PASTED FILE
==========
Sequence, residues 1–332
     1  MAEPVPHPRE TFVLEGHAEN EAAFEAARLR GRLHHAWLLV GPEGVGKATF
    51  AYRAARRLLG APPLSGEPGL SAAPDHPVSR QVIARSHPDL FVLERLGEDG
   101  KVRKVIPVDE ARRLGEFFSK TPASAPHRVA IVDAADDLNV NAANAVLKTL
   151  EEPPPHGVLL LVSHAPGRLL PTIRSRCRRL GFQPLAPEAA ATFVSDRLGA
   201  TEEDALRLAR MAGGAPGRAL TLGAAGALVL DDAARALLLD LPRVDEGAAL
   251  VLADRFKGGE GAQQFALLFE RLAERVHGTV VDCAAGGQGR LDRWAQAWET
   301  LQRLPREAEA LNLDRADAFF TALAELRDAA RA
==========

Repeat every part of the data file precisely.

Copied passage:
Sequence, residues 1–332
     1  MAEPVPHPRE TFVLEGHAEN EAAFEAARLR GRLHHAWLLV GPEGVGKATF
    51  AYRAARRLLG APPLSGEPGL SAAPDHPVSR QVIARSHPDL FVLERLGEDG
   101  KVRKVIPVDE ARRLGEFFSK TPASAPHRVA IVDAADDLNV NAANAVLKTL
   151  EEPPPHGVLL LVSHAPGRLL PTIRSRCRRL GFQPLAPEAA ATFVSDRLGA
   201  TEEDALRLAR MAGGAPGRAL TLGAAGALVL DDAARALLLD LPRVDEGAAL
   251  VLADRFKGGE GAQQFALLFE RLAERVHGTV VDCAAGGQGR LDRWAQAWET
   301  LQRLPREAEA LNLDRADAFF TALAELRDAA RA